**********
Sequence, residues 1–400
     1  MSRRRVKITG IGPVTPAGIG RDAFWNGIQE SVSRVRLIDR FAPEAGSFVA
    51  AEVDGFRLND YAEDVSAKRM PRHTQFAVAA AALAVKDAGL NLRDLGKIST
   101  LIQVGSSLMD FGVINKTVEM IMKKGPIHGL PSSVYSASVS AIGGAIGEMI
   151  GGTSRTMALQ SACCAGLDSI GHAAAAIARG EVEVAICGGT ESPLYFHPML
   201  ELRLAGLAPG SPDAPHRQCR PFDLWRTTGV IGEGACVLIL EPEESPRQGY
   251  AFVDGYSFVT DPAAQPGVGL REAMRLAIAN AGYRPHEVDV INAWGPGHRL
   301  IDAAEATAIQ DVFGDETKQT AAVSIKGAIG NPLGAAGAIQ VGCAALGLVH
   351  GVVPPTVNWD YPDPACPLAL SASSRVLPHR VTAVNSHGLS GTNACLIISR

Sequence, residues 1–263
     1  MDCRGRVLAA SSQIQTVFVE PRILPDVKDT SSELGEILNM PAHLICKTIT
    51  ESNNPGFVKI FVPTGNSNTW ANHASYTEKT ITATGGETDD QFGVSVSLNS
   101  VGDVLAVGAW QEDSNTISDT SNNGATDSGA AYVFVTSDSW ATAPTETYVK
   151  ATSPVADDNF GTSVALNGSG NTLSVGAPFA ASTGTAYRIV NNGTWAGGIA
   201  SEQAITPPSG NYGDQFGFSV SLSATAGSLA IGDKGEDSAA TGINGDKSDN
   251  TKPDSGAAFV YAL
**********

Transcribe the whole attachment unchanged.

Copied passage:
Sequence, residues 1–400
     1  MSRRRVKITG IGPVTPAGIG RDAFWNGIQE SVSRVRLIDR FAPEAGSFVA
    51  AEVDGFRLND YAEDVSAKRM PRHTQFAVAA AALAVKDAGL NLRDLGKIST
   101  LIQVGSSLMD FGVINKTVEM IMKKGPIHGL PSSVYSASVS AIGGAIGEMI
   151  GGTSRTMALQ SACCAGLDSI GHAAAAIARG EVEVAICGGT ESPLYFHPML
   201  ELRLAGLAPG SPDAPHRQCR PFDLWRTTGV IGEGACVLIL EPEESPRQGY
   251  AFVDGYSFVT DPAAQPGVGL REAMRLAIAN AGYRPHEVDV INAWGPGHRL
   301  IDAAEATAIQ DVFGDETKQT AAVSIKGAIG NPLGAAGAIQ VGCAALGLVH
   351  GVVPPTVNWD YPDPACPLAL SASSRVLPHR VTAVNSHGLS GTNACLIISR

Sequence, residues 1–263
     1  MDCRGRVLAA SSQIQTVFVE PRILPDVKDT SSELGEILNM PAHLICKTIT
    51  ESNNPGFVKI FVPTGNSNTW ANHASYTEKT ITATGGETDD QFGVSVSLNS
   101  VGDVLAVGAW QEDSNTISDT SNNGATDSGA AYVFVTSDSW ATAPTETYVK
   151  ATSPVADDNF GTSVALNGSG NTLSVGAPFA ASTGTAYRIV NNGTWAGGIA
   201  SEQAITPPSG NYGDQFGFSV SLSATAGSLA IGDKGEDSAA TGINGDKSDN
   251  TKPDSGAAFV YAL